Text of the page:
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Report: Sunsail Charter in St. Martin
My wife and I just chartered a Beneteau 411 from Sunsail out of Oyster Bay, St. Martin. Thought I''d provide a brief report-out.
It''s worth the trip.
Generally we had a good time, the boat was sound, Sunsail staff was pleasant and professional, and sailing and destinations were varied and appealing. November is nice. Not as hot as the summer, not as windy as the winter. The French side of St. Martin was more appealing to us. The Dutch side is very commercial and industrial. Better shopping though, if that''s your bag.
Tack: I strongly recommend bringing a hand-held VHF and handheld map GPS (like the Garmin ETREX) with Mapsource Bluecharts. The boats typically come with a GPS, but the read-out is below with no repeater at the helm. Useless IMHO. Ditto the VHF. Nice to have a hand-held with international frequencies in the cockpit if you''re short-handed. We were. Forget the spear-gun. They are prohibited in anyplace that''s good to spearfish. We brought too many clothes. Again. Provisioning from Sunsail was generally good, though kinda expensive. We brought Sospenders PFDs for more spirited days offshore, but they took our CO2 canisters during a hand-search prior to the flight out. $40 to replace two sets. Oh well.
General observations. Anchorages are more rolly than the BVI / USVI or Chesapeake. Half-moon shaped bays are de-rigeur, and even with an on-shore breeze that points you straight in, the waves usually sneak around the point and hit you right on the beam! Diabolical. Not too bad, but if you''ve got crew that''s sensitive to this kinda thing, you should be warned. Anchorages are usually not too crowded. In the BVI you have to get there at 1pm if you want a spot. Here you can wait until half-an-hour before sunset and come blasting in while the other couple of boats on the hook are having happy hour. Nice flexibility.
Beginnings: Oyster Pond, where you pick up your charter, is probably the most dangerous place to get into and out of in the entire area. The narrow navigable channel is directly exposed to the open sea and prevailing winds. You have to approach within 30-feet of a reef that''s directly exposed to the open ocean swells with nice big breaking waves. If conditions are light it''s no biggie. If conditions are heavy, it possible that you could be shut-out. In between it''s a bit rodeo. We went back in with 4-5ft foot swells running ans 15-20 kt breezes. Having the boat heading hunting back and forth as the swells pass under you that close to the reef is kinda exciting! Experienced sailors shouldn''t have a problem. ''Nuff said on that.
The chart briefing by Sunsail was excellent, and gave a good heads up to the trickier anchorages. Orient Bay is one of them. Pay attention to what they say, and you''re fine.
Places: Isl Pinel anchorage in Orient Bay (north-east) is cozier than Green Cay anchorage to the south - kinda rolly. Pinel is remote and secluded. The upside of Green Cay is you get to anchor right off a nude beach. ;^)
Sailing directly up-wind between the islands is relatively ungratifying. The currents are wind driven, accellerate between the islands, and you''ll be lucky to make good 140-degrees tack-to-tack. We motored in these conditions.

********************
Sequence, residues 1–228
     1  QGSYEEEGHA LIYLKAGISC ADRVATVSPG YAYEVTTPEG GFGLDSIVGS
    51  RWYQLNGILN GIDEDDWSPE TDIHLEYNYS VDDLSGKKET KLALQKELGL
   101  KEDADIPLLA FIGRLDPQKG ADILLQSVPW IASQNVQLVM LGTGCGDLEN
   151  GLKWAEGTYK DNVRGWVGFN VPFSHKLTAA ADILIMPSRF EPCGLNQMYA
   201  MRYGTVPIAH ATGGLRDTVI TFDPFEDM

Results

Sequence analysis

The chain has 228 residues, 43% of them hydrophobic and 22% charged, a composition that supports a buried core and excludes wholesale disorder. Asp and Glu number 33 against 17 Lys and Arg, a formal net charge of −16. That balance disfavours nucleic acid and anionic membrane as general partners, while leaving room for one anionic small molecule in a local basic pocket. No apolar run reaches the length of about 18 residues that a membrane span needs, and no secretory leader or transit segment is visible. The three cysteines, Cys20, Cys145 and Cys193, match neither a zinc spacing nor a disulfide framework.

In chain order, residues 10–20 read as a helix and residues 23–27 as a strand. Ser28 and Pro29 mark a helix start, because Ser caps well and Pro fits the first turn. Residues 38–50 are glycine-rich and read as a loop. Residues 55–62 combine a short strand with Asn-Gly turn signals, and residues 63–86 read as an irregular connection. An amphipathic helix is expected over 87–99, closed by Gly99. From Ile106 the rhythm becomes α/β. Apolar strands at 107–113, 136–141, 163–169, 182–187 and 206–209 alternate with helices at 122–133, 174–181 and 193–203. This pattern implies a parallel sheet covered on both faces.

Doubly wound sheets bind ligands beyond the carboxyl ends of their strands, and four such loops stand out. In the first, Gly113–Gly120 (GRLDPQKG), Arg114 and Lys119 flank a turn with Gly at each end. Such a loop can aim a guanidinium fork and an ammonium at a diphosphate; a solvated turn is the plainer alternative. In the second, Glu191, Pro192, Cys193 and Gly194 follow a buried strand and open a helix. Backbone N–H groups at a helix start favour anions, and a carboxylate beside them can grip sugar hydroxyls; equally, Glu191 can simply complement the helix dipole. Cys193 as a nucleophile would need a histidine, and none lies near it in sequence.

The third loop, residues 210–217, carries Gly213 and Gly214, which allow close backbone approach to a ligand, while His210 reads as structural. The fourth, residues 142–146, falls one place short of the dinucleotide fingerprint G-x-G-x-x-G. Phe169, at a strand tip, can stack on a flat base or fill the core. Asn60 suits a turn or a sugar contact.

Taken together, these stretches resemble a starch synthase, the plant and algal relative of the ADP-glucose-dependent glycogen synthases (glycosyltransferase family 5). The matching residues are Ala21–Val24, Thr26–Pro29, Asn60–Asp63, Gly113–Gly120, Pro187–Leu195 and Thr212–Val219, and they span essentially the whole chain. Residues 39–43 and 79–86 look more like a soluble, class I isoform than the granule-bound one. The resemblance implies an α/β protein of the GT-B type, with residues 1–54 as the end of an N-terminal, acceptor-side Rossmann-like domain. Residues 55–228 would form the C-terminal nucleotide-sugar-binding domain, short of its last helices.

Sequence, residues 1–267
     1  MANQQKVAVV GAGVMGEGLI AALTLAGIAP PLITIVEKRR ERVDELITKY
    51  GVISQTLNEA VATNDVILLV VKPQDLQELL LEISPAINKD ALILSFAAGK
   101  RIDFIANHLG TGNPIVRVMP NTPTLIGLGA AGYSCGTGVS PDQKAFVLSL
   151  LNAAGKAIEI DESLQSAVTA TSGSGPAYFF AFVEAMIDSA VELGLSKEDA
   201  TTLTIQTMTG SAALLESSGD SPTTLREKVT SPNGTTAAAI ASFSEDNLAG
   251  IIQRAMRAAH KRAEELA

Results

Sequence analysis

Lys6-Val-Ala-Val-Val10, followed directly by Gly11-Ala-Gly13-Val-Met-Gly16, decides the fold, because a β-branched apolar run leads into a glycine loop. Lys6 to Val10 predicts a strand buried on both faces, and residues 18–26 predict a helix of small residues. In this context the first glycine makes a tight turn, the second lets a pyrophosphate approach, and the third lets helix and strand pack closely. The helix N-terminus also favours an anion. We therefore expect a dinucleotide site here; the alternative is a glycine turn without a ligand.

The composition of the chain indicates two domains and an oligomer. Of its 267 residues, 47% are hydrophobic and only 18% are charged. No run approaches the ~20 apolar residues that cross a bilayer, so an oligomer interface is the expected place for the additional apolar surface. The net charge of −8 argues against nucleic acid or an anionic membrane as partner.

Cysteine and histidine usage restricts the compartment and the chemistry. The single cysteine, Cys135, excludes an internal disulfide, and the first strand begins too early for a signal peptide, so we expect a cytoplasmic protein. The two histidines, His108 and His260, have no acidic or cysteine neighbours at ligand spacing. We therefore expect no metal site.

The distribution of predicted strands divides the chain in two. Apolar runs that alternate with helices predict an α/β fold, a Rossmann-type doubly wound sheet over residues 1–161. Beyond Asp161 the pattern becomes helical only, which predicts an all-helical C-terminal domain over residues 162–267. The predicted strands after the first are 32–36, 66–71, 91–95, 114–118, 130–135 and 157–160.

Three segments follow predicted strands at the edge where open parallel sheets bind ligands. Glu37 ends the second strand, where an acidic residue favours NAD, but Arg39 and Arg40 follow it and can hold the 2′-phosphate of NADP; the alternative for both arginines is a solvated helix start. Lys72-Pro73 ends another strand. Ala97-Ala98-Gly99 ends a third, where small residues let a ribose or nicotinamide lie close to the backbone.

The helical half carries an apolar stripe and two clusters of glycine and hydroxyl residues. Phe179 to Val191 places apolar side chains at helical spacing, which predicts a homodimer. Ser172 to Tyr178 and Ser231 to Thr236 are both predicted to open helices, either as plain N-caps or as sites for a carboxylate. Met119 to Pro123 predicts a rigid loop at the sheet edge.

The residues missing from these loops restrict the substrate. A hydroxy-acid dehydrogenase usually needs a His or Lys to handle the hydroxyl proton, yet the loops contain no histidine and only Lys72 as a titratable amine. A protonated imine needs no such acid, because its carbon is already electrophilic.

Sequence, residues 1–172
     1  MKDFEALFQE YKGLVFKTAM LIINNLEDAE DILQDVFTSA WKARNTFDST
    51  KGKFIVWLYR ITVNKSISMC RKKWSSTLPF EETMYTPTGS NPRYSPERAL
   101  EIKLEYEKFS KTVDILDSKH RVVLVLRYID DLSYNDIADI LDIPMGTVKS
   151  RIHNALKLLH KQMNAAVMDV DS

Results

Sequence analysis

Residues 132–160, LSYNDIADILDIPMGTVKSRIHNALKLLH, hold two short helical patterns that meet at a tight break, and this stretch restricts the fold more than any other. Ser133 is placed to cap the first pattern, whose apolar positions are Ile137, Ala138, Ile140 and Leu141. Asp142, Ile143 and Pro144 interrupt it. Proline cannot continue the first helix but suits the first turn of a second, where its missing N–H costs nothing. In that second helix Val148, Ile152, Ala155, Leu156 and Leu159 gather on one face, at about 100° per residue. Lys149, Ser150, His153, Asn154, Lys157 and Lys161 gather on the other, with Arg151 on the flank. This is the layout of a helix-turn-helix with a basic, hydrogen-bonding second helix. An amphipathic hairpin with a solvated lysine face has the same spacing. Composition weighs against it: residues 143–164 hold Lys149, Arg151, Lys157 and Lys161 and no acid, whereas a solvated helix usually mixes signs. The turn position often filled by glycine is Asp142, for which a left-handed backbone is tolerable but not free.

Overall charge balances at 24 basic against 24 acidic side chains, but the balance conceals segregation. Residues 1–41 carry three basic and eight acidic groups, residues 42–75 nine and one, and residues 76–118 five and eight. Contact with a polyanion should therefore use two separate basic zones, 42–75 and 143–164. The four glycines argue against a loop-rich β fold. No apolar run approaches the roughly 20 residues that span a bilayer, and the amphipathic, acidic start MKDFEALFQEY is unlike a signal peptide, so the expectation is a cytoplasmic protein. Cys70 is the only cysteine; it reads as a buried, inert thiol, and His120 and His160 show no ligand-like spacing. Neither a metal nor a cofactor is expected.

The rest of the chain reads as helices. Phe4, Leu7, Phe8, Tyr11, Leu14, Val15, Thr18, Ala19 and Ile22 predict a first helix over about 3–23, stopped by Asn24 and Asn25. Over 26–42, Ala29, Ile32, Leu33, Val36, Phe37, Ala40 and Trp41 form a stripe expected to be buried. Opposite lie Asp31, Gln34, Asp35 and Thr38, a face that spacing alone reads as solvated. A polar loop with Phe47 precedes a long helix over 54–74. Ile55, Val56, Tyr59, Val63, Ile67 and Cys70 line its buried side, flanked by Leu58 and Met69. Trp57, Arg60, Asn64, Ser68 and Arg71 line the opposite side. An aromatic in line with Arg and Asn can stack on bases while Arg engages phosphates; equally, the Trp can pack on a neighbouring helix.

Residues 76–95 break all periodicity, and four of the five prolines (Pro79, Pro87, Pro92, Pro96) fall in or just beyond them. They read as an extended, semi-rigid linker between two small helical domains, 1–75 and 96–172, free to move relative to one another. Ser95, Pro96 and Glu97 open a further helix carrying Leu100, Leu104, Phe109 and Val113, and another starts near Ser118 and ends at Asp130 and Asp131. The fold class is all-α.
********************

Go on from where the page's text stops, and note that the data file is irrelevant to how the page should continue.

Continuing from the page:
Anguilla is Nice. Road Bay w/ Sandy Island is a must-do. If you go early in the morning you just might get Sandy Island to yourself. We did. Prickly Pear Cays are well worth the trip. I''d say schedule at-least 2-1/2 days in Road/Crocus Bay. Crocus Bay can be pretty rolly in north winds. We beat a hasty retreat back to Road Bay in just these conditions.
The food in Grand Case St. Martin is to die for. We ate probably the BEST meal I''ve ever had in my life there. $120 for two, including an not-too-expensive bottle of wine.
Marigot is a city of two faces. The water-front is a mixture of 3rd world and modern. A couple of blocks back on the Simpson bay side there''s some really nice but very European / modern eateries and shops. The fort is worth a visit, particularly in the morning, w/ excellent view of your boat in the anchorage.
Phillipsburg was not for me. My wife could have shopped for two days there without missing a beat.
I have sleep apnea and need a breathing machine (CPAP) to sleep. I verified IN ADVANCE w/ Sunsail that the boat could support a 24-amp-hour nightly requirement. What I got was a boat with a basically dead battery. I know it should work on a battery because I bought a car battery and tested everything before going down there. No problemo. Anyhoo... this snafu resulted in my not really sleeping for two straight days. Ugh. Try it sometime. I pointed this out and the Sunsail techs who came on board and scurried around didn''t believe me for quite a while, and finally they talked themselves out of fixing it. Well, the battery REALLY was dead, and I could only sleep for 3-4 hours a night before the battery went dead for the rest of the trip.
Another boat gripe was that the rudder would "stick" occasionally near the neutral position. You could force it free, but I always had that lurking feeling that some day it might just stick for good. Keeps you on your toes.
Other than that, the boat was in excellent condition.